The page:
Quantifying black carbon from biomass burning by means of levoglucosan – a one-year time series at the Arctic observatory Zeppelin
- 1NILU – Norwegian Institute for Air Research, P.O. Box 100, 2027 Kjeller, Norway
- 2Department of Applied Environmental Science, Stockholm University, 10691 Stockholm, Sweden
- 3International Institute for Applied Systems Analysis (IIASA), Schlossplatz 1, 2361 Laxenburg, Austria
Abstract. Levoglucosan, a highly specific tracer of particulate matter from biomass burning, has been used to study the influence of residential wood burning, agricultural waste burning and Boreal forest fire emissions on the Arctic atmosphere black carbon (BC) concentration. A one-year time series from March 2008 to March 2009 of levoglucosan has been established at the Zeppelin observatory in the European Arctic. Elevated concentrations of levoglucosan in winter (mean: 1.02 ng m−3) compared to summer (mean: 0.13 ng m−3) were observed, resembling the seasonal variation seen for e.g. sulfate and BC. The mean concentration in the winter period was 2–3 orders of magnitude lower than typical values reported for European urban areas in winter, and 1–2 orders of magnitude lower than European rural background concentrations. Episodes of elevated levoglucosan concentration lasting from 1 to 6 days were more frequent in winter than in summer and peak values were higher, exceeding 10 ng m−3 at the most.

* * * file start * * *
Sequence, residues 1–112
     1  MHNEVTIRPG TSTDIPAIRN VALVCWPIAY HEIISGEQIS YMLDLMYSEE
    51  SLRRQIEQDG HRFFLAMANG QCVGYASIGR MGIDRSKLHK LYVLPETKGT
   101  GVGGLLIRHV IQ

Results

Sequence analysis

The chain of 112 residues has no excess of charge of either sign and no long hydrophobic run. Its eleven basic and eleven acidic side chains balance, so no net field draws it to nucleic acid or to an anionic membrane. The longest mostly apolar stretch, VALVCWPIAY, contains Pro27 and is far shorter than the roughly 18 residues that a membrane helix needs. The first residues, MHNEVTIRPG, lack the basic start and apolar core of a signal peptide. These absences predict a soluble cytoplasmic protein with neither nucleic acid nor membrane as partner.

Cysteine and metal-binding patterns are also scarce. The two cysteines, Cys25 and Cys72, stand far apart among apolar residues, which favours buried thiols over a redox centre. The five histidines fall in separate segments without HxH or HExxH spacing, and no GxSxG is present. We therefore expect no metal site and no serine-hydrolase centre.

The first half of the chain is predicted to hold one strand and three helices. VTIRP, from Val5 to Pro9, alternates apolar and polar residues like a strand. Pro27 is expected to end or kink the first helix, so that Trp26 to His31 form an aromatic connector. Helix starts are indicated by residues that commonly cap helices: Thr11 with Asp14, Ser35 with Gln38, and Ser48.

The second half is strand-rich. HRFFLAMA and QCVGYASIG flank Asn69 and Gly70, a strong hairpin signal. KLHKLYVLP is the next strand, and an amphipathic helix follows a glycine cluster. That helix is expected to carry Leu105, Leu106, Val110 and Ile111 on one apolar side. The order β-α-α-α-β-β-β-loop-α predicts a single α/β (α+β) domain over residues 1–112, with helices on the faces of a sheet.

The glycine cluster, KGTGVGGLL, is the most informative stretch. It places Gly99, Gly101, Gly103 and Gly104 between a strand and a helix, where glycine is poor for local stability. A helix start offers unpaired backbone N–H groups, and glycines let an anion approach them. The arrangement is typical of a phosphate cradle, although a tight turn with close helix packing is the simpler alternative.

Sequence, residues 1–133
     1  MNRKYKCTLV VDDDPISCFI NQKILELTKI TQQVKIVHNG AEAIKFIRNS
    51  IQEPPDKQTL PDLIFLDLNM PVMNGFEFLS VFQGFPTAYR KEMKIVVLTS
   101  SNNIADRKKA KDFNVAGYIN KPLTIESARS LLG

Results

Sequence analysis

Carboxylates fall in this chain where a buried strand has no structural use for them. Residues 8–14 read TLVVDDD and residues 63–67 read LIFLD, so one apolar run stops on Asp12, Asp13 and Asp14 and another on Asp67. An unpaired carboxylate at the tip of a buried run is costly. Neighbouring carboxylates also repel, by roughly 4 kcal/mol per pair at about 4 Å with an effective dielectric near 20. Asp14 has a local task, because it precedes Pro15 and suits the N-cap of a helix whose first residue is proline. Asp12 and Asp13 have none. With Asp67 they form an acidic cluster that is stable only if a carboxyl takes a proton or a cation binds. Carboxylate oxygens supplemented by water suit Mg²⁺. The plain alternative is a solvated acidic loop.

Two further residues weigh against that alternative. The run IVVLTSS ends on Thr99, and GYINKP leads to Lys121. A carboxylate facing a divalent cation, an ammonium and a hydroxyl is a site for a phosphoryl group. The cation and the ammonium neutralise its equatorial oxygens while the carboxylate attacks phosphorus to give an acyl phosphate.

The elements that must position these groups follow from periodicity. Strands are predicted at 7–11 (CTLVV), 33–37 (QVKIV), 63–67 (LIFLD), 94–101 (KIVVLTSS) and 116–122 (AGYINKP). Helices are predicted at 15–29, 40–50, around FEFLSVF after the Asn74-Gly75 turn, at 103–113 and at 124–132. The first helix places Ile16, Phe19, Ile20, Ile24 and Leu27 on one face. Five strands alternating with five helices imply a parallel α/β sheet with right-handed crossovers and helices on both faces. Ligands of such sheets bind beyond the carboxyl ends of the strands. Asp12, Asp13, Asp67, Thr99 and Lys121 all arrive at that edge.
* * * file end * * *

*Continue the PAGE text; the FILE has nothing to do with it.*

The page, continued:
Concentrations of elemental carbon from biomass burning (ECbb) were obtained by combining measured concentrations of levoglucosan and emission ratios of levoglucosan and EC for wildfires/agricultural fires and for residential wood burning. Neglecting chemical degradation by OH provides minimum levoglucosan concentrations, corresponding to a mean ECbb concentration of 3.7 ± 1.2 ng m−3 in winter (October–April) and 0.8 ± 0.3 ng m−3 in summer (May–September), or 8.8 ± 4.5% of the measured equivalent black carbon (EBC) concentration in winter and 6.1 ± 3.4% in summer. When accounting for chemical degradation of levoglucosan by OH, an upper estimate of 31–45% of EBC could be attributed to ECbb* (ECbb adjusted for chemical degradation) in winter, whereas no reliable (<100%) upper estimate could be provided for summer for the degradation rates applied. Hence, fossil fuel sources appear to dominate the European Arctic BC concentrations in winter, whereas the very wide range obtained for summer does not allow us to conclude upon this for the warm season.
Calculations using the Lagrangian particle dispersion model FLEXPART show that the seasonal variation of the modeled ECbb (ECbb,m) concentration compared relatively well with observationally derived ECbb from agricultural fires/wildfires during summer, and residential wood burning in winter. The model overestimates by a factor of 2.2 in winter and 4.4 in summer when compared to the observationally derived mean ECbb concentration, which provides the minimum estimate, whereas it underestimates by a factor of 2.3–3.3 in winter and a factor of 4.5 in summer when compared to ECbb*, which provides the upper estimate. There are indications of too-low emissions of residential wood burning in northern Russia, a region of great importance with respect to observed concentrations of BC in the European Arctic.